While we don’t actually print money (wouldn’t that be nice?), as a company who has specialized in print for over 70 years, we enjoy researching history as well as the future of our craft. In this edition of Printing History, we’re going to look into how money is printed.
Old Printing Styles for New Bills
For a currency used the world over, you’d imagine that every step of the printing process for United States currency would be state-of-the-art. While there are certain high tech security features of the latest editions of currency, much of the artistry of the bill is contained in traditional techniques. Rather than using modern ink cartridges or laser printing technology, the main images on US currency are still stamped in a printing press. The currency designs are, for the most part, manually engraved into metal plates by engraving specialists. This painstaking attention to detail is evident on every US bill. Using the technology of yesteryear makes it even more difficult for counterfeiters to replicate. The additional of color-shifting designs that only appear in certain angles and with types of light also add to the currency’s complexity and hinder reproduction.
“Paper” money isn’t paper at all.
If the “paper” that paper currency was printed on was indeed paper, it’s strength would probably make you want to use it for your own documents. The paper used for US currency isn’t actually paper, but rather a paper-like fabric comprised of 25% linen and 75% cotton. If you’re a fan of the paper, too bad. This paper-like fabric is especially made by the US Bureau of Engraving and Printing (BEP) for currency only. Aside from its obvious strength benefits, it being fabric allows modern security features to be built into the paper itself. A unique security thread, as well as intricate watermarks, are added to the paper before the main images are printed onto each bill. Several printing cycles, each added in a specific order, add to the extreme complexity of the design of currency.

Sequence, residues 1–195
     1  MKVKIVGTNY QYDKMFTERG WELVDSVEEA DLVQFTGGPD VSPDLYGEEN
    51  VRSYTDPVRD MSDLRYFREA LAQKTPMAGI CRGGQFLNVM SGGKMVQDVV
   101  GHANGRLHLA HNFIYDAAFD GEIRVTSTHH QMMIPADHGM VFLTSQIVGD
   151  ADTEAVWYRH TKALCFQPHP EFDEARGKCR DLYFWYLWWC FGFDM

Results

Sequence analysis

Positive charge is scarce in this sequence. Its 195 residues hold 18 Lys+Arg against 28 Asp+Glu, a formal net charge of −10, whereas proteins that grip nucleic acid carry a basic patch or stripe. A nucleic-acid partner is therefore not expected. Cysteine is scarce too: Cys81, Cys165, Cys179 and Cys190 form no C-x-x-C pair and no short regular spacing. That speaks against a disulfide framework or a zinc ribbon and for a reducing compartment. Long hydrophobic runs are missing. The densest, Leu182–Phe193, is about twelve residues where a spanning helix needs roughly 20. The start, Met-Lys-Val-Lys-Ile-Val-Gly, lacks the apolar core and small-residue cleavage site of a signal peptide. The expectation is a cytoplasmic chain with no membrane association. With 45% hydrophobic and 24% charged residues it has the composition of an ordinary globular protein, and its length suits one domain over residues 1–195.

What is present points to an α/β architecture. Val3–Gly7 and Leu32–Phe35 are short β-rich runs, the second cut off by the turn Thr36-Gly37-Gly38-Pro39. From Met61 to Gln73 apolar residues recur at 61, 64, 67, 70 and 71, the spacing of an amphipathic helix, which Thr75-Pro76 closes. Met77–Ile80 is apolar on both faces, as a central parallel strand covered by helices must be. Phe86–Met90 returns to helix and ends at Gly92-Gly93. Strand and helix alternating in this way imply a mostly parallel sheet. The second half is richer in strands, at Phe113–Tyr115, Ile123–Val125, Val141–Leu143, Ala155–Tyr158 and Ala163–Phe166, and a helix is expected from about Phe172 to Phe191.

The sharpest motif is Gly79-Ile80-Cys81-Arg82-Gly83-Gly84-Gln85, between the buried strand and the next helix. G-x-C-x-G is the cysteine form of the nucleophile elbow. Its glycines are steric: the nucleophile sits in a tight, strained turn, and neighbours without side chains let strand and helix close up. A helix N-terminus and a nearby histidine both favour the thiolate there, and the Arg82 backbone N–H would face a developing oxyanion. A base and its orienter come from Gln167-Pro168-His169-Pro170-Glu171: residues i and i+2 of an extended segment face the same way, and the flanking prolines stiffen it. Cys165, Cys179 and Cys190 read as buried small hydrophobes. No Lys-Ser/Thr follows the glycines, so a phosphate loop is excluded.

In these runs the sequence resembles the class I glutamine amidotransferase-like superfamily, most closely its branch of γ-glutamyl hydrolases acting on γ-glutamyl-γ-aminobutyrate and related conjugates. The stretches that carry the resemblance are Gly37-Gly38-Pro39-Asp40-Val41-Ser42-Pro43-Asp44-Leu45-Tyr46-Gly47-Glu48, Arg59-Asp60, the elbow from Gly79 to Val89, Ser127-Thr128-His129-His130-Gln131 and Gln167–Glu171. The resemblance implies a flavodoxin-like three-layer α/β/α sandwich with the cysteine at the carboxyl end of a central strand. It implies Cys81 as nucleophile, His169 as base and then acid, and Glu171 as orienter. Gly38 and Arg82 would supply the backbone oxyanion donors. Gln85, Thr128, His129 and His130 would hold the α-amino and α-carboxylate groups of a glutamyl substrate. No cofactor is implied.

Currency Serial Numbers
The BEP’s division called Currency Overprinting Processing Equipment and Packaging (COPE-Pak) is responsible for adding the different seals and serial numbers on US currency. The Federal Reserve seal in black, the US Treasury seal in green, and the Federal Reserve identification number account for each bill. The latest serials numbers contain two prefix letters — one indicating year series, the other denoting which bank issued the bill. They also contain eight numerals and a suffix letter. The suffix letters adjust with every 99,999,999 bills. After running through a rigorous quality assurance checking and categorization process, bill sheets are ready to be cut and packaged. The sheets are sliced using a large mass cutter and packaged in batches of 4,000. The next time you hold a US bill in your hand, make sure.